[Stop-traffic] News/USA: NEW YORK LAW FIRM ACCUSED OF AIDING IMMIGRANT SMUGGLERS.

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Subject: [Stop-traffic] News/USA: NEW YORK LAW FIRM ACCUSED OF AIDING IMMIGRANT SMUGGLERS.
From: Melanie Orhant (morhant@igc.org)
Date: Tue Nov 14 2000 - 09:16:49 EST


9-21-00 USA: NEW YORK LAW FIRM ACCUSED OF AIDING IMMIGRANT SMUGGLERS.
By SUSAN SACHS.
NEW YORK - Federal prosecutors on Wednesday accused one of New York City's
busiest immigration law firms of working hand in hand with the smugglers
who bring illegal immigrants from China and then keep them as virtual
indentured servants in the United States until the price of their passage
is repaid.
In two indictments filed in U.S. District Court in Manhattan, the
government described the Manhattan law firm of Robert E. Porges as a
racketeering enterprise and accused Porges; his wife, Sheery Lu; and six
current and former employees of receiving $1.2 million in fees from unnamed
smugglers over the last seven years.
Mary Jo White, the U.S. attorney for the Southern District of New York,
said that in return for that money, the firm acted as an adviser to
smugglers, even suggesting the best points of entry into the country to
avoid detection and arranging transportation to New York City for
immigrants who had succeeded in sneaking into the country by land or sea.
She also said some law firm employees, mainly under the direction of Mrs.
Porges, helped the smugglers seize the illegal immigrants upon arrival in
the city and hold them as "hostages" until the $40,000 to $50,000 they had
promised to pay for their passage was paid.
After a brief hearing following the unsealing of the grand jury
indictments, Porges, 62, was released and given two weeks to post a $2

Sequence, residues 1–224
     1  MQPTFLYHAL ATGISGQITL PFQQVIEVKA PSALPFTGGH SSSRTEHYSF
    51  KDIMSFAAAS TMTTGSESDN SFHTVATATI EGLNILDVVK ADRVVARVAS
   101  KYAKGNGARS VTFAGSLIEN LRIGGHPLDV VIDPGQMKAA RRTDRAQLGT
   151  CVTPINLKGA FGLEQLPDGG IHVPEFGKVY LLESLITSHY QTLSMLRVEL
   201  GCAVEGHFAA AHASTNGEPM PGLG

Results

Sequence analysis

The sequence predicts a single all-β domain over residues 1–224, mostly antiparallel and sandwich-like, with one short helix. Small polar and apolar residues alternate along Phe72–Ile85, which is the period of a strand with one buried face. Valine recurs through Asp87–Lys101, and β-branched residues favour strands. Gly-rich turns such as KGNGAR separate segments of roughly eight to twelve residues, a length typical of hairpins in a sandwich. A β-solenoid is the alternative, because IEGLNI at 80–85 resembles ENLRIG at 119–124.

million bond on behalf of himself and his wife. She was ordered held until
the bond was posted.
No pleas were entered at the hearing, and Porges did not speak to
reporters. He appeared pale and shaken.
Nicholas Kaiser, his lawyer, said, "We're confident that after a speedy
trial, Mr. Porges will be shown to have represented his clients honestly
and ethically for over 40 years."
Although the law firm and some of its employees are accused of having
direct contact with smugglers and helping them "abduct" illegal immigrants,
no one is named in the indictment as a smuggler.
White said that at least one person already convicted of immigrant
smuggling in the last few years was connected to the Porges firm.
But she refused to provide specifics or explain the genesis of the case.
She would not say whether any more people would be charged with smuggling,
abducting or holding immigrants hostage in connection with the case.
Many of the Chinese men and women who enter the United States illegally end
up in New York sweatshops and restaurants, where they work long hours in
sometimes dangerous conditions for years to pay back the smugglers - often
referred to as "snakeheads" - who brought them from their homeland.
Failure to pay the snakehead or attempts to escape from a smuggler's
control can bring retribution against family members back in China,
according to social service groups and academics who work with Chinese
immigrants.
The central figure in the case is Mrs. Porges, 47. Prosecutors called her
the "chief of staff" of the operation and charged her with aiding
snakeheads in the kidnapping of 17 Chinese immigrants since 1997.
Her husband, however, who has represented Chinese immigrants in many of the
country's highest-profile asylum cases, was not accused of participating in
the seizure of immigrants who owed money to the smugglers.